So, Day 4 begins very early with the most challenging of any of the climbing on the mountain as we used our hands to climb up a rock face.  We continued for about four hours until Karranga Valley (where people climbing in 7 days spend the night), had a hot lunch (as opposed to packed lunches the other days), and donned our rain gear since it was beginning to rain. The porters had to bring all of our water from here to the next camp, Barafu (Swahili for ice) at 4681m. We hiked the next three hours or so in a misty rain cloud. We arrived in camp at around 3:30pm and after barely being able to eat any dinner we laid down to rest (it’s hard to eat and sleep at this altitude) until 11:15pm when we got up to prepare for our midnight summit ascent. When we went to sleep it was still rainy but when we work up it was perfectly clear! We had put on layers and layers of warm clothes before we rested. We had a few sips of tea, a bite of a cookie, and turned on our headlamps. After a few minutes of climbing, we realized that the light of the full moon was enough to light our path, so we turned off our headlamps! After only about an hour of hiking, the pipe to my camelpak froze as did Edden’s, so we were only drinking from Adi’s pak. (We had already finished one waterbottle that I had put in a thermal sock to keep it from freezing). About three hours into the hike, I didn’t think I would make it. My hands were freezing, I was nauseous, and just exhausted. The one porter who came along with us to help the guides (help us, of course), took my daypack and the guides basically pulled and pushed me for the next bit. I begged to find out how much longer, but they kept telling me close. At night, you can’t see more than a few feet ahead, so I couldn’t see the summit. Stanley actually claims that’s one of the reasons everyone summits at night for if people saw where they had to go, they wouldn’t make it. Well, I stopped every fifteen minutes for water. But at about 6am, I made it to Stella point – the end of the steep incline. At this point, the sun was coming up and we had only 45 minutes or so of much flatter terrain to the peak. Although I walked very slowly, and passed some people already coming down, we all made it to Uhuru Peak (5895m) just in time for sunrise! As we witnessed a gorgeous sunrise and stood near an enormous glacier, everyone gathered near the rickety wooden sign and waited to take photos with it to prove that they had reached the peak. Freezing, sick, and still needing to descend, we only stayed on the peak for about 15 minutes. We snapped a few pictures as our fingers froze and then began the long trek down. At around 11, we reached Barafu, had some juice and laid down for a one hour nap. The boys already had splitting headaches, and by the time we woke for lunch, they were so bad, that I was the only one who ate anything. Stanley said the best cure was to descend – so we did. We hiked for another four hours or so  to Mweka Camp (3100m). It’s incredible to descend rapidly through the climate zones, watch the trees and shrubs get taller and denser and your breathing easier as you descend.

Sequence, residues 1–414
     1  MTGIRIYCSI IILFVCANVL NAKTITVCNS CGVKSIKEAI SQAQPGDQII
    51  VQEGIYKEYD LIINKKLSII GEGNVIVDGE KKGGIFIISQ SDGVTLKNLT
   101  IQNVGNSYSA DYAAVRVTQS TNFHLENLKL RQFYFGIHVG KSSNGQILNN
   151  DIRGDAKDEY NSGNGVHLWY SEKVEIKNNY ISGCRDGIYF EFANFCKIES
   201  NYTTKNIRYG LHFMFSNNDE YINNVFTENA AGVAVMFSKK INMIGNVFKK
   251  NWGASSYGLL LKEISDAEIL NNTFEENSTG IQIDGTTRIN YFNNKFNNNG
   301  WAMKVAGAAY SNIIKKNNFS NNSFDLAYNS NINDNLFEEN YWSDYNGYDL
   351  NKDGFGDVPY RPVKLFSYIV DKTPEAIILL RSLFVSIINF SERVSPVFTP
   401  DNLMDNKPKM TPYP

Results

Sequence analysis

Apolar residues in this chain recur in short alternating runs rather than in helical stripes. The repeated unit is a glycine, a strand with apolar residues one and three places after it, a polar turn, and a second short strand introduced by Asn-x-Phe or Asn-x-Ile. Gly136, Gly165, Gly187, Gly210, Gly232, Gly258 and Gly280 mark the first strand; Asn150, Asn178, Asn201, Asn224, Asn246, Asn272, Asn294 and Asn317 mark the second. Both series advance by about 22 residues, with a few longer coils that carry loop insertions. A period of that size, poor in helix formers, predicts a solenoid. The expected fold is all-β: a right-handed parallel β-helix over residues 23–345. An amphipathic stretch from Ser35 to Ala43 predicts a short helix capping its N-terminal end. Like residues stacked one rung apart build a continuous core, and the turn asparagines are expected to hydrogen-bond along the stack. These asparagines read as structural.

With our appetites back, we enjoyed a wonderful dinner and night’s sleep before descending another three hours to Mweka Gate, where we retrieved our certificates and waited for Frank to pick us up. After a warm shower and a Kilimanjaro beer, we were ready for our next adventure and left Moshi for Nairobi early the next morning. As you can imagine, we highly, highly recommend using Tembo Tamu as your tour operator and requesting Stanley as your guide. Everyone was super helpful, warm, and fun throughout the process!! Contact Sandra at sandypandyster@gmail.com when you are ready to climb!!